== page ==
Scientific Management Theory

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The Scientific Management Theory is a theory of management developed by Frederick Taylor. It was first published in 1911, and it has been widely used to describe the organization of work in factories since then. The term "scientific" refers to scientific methods to improve efficiency.


KEY Takeaways

  • The Scientific Management Theory emphasizes efficiency and eliminating waste.
  • Critics say that the Scientific Management Theory focuses too much on standardization and ignores individuality.
  • Critics believe that the Scientific Manager Theory is too controlling and leads to a loss of morale and dignity. It is dehumanizing and controlling.

Taylor's approach to management

Taylor believed that employees were not inherently lazy, but instead, they were being held back from their full potential due to bad working conditions. He argued for replacing old-fashioned supervision with scientific observation of how people performed tasks so employers' goals could be met more efficiently. This would eliminate waste and allow all workers to achieve maximum output. While this may seem ideal, some have criticized his approach for emphasizing control over others at the expense of worker autonomy.

Its main objective is to improve economic efficiency, especially labour productivity.

The fundamental concepts of this include:

  • Efficiency and elimination of waste
  • Standardization of best practices
  • The transformation of craft production into mass production

Taylor's Scientific Management Principles:

Frederick W. Taylor founded the Scientific Management Theory. He believed that there were three main problems with factory production:

  • Workers did not produce enough output per hour
  • Workers did not do their jobs correctly
  • Workplace conditions made it difficult for workers to carry out their jobs correctly

He proposed some solutions to these problems.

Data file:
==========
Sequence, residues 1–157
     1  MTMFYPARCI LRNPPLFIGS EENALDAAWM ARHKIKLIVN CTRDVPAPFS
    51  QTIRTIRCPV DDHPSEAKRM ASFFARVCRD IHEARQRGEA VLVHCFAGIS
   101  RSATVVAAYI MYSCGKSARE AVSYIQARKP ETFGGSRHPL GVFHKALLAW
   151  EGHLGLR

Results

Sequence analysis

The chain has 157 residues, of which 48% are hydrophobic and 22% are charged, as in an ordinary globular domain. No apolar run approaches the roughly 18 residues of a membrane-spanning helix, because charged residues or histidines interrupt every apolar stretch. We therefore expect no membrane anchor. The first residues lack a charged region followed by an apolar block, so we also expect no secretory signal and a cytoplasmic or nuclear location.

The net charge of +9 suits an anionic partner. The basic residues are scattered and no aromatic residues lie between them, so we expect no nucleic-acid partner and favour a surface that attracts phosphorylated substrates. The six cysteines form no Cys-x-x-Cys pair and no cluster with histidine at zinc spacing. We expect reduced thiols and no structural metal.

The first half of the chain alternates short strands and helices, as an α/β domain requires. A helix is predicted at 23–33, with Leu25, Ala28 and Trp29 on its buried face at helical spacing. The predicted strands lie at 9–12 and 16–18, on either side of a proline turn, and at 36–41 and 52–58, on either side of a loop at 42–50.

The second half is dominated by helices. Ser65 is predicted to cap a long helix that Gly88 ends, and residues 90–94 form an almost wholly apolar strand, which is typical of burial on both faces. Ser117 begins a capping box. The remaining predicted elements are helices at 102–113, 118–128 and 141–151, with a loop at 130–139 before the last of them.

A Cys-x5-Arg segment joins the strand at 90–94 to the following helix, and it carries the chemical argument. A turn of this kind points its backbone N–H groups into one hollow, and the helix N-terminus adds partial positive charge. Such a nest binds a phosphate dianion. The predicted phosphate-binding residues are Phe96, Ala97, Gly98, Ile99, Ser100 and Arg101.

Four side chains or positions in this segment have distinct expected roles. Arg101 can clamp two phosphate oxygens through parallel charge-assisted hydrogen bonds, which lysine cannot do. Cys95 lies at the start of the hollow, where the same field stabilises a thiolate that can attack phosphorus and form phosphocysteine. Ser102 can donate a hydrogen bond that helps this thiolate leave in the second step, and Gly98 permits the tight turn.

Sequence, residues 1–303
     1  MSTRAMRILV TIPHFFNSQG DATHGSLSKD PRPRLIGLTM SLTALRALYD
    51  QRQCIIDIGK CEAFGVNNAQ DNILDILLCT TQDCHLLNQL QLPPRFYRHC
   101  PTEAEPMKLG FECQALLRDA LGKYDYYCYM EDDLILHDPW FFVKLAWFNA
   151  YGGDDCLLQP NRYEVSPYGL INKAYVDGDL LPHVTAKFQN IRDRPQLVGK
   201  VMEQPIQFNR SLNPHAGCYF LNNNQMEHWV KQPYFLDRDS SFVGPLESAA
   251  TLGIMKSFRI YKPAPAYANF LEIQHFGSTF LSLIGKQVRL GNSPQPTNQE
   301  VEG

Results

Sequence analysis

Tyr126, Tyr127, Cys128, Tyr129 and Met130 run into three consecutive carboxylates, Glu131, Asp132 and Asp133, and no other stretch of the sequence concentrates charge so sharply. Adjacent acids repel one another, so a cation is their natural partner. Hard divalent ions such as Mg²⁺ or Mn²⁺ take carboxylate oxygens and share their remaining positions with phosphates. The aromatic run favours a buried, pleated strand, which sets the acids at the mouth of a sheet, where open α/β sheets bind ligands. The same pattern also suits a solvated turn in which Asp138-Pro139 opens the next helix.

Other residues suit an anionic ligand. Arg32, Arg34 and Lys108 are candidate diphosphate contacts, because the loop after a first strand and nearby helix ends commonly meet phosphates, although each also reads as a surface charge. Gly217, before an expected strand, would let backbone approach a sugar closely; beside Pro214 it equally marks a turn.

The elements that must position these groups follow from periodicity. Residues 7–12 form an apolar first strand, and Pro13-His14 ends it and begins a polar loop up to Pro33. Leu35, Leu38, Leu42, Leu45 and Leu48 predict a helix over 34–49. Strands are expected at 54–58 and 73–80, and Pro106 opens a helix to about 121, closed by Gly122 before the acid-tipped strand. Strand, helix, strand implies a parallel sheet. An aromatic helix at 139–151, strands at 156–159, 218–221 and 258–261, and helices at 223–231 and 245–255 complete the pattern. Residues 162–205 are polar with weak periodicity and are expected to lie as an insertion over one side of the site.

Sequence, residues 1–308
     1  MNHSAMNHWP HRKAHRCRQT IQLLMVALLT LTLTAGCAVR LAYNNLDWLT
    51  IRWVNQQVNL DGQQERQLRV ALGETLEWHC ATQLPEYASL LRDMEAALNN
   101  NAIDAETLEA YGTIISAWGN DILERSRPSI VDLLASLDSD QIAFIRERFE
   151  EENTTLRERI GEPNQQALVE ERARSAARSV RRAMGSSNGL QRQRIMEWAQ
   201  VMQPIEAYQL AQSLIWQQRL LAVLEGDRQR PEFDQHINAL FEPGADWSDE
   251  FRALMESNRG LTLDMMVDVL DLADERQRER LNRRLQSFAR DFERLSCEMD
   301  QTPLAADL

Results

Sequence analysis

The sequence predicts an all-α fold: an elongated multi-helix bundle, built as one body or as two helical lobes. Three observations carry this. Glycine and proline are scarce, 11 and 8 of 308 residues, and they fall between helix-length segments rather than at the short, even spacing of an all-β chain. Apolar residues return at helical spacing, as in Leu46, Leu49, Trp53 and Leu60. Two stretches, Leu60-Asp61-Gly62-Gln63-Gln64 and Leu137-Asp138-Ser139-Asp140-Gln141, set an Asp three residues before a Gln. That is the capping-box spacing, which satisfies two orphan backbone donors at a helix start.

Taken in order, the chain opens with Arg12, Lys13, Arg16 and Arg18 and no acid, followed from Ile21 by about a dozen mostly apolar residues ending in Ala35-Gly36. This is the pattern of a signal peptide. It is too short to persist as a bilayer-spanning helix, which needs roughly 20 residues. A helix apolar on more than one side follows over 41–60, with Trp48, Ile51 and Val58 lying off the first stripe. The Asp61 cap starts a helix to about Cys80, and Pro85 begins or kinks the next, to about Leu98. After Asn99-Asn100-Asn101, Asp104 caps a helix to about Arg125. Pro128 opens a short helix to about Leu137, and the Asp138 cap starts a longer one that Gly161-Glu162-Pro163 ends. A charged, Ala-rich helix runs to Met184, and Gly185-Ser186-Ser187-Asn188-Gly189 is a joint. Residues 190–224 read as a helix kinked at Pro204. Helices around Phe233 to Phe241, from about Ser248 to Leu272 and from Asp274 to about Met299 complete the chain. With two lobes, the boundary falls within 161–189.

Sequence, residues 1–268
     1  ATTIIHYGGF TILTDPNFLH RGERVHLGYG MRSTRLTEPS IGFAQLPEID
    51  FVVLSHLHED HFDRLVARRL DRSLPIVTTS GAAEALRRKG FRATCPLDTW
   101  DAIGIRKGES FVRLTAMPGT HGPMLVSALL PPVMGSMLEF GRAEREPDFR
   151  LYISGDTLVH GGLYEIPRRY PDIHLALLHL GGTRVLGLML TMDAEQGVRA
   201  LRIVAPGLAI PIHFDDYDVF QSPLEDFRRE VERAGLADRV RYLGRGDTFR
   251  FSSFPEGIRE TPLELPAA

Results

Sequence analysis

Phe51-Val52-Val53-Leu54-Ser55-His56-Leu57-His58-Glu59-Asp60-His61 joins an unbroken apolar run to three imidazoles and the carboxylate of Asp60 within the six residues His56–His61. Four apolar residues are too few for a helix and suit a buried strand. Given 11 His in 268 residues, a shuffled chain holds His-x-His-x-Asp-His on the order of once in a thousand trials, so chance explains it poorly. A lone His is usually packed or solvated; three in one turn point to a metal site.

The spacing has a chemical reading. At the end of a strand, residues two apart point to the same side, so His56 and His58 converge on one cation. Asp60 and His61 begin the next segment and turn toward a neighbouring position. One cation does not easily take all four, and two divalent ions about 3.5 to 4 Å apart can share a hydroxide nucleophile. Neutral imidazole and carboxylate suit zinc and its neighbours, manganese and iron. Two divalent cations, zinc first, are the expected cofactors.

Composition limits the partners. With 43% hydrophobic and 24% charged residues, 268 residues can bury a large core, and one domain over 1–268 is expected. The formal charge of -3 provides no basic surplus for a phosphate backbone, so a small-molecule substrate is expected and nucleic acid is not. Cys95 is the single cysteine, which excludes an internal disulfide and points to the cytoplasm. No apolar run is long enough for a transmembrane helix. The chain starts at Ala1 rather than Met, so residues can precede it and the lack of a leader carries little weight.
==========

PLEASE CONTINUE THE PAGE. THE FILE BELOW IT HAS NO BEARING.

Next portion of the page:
Frederick Taylor devised the following four scientific management principles:

1. Select methods based on science, not the "rule of thumb."

Taylor suggested looking at the job scientifically and determining the best way to do that job.

2. Right person for the job and train them for best efficiency

Assess the most capable person for each specific job and train them to work at peak efficiency.

3. Monitor worker performance.

Assess your workers' efficiency and provide additional training or instruction when necessary.

4. Properly divide the workload between managers and workers.

Managers should plan and train, while workers should perform or execute what they've been trained to do.


Time and Motion Study

Frank and Lillian Gilbreth introduced the concept of time and motion study.

  • They focused on improving efficiency by studying how motions affect efficiency.
  • This involved splitting the job into smaller elements and movements and recording the time to complete these.
  • Films were created to study, which were then used to train workers.


Criticisms of Taylorism (Scientific Management Theory)

Many critics argue that the Scientific Management Theory is too controlling and dehumanizing. It assumes that humans are machines who need to be controlled and directed.

One of the most critical aspects of the Scientific Management Theory is standardization. Standardization can lead to a loss of creativity and innovation and cause a decrease in quality.

Another problem with standardization is that it can make workers feel like they are just doing what they are told. They will no longer feel like they are contributing to the company or themselves.

Another issue with the Scientific Management Theory is that it does not consider the individual's needs. If something goes wrong, it is often assumed that the fault lies with the worker instead of the system itself.

Taylorism has also been accused of creating a culture of fear among workers. Workers feared losing their jobs if they failed to meet targets.

In addition, many critics argue that the work carried out by employees should be seen as part of the human experience rather than simply as an economic process. This means that managers should pay attention to other factors besides production costs, such as people skills, relationships, and morale.

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